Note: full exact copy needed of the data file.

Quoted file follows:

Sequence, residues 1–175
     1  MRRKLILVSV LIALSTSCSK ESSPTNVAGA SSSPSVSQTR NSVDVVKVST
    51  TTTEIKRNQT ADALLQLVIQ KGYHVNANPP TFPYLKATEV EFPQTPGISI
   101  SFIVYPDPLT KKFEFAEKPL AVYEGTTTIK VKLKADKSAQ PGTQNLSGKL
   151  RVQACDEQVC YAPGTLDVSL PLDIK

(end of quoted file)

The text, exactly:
Sequence, residues 1–175
     1  MRRKLILVSV LIALSTSCSK ESSPTNVAGA SSSPSVSQTR NSVDVVKVST
    51  TTTEIKRNQT ADALLQLVIQ KGYHVNANPP TFPYLKATEV EFPQTPGISI
   101  SFIVYPDPLT KKFEFAEKPL AVYEGTTTIK VKLKADKSAQ PGTQNLSGKL
   151  RVQACDEQVC YAPGTLDVSL PLDIK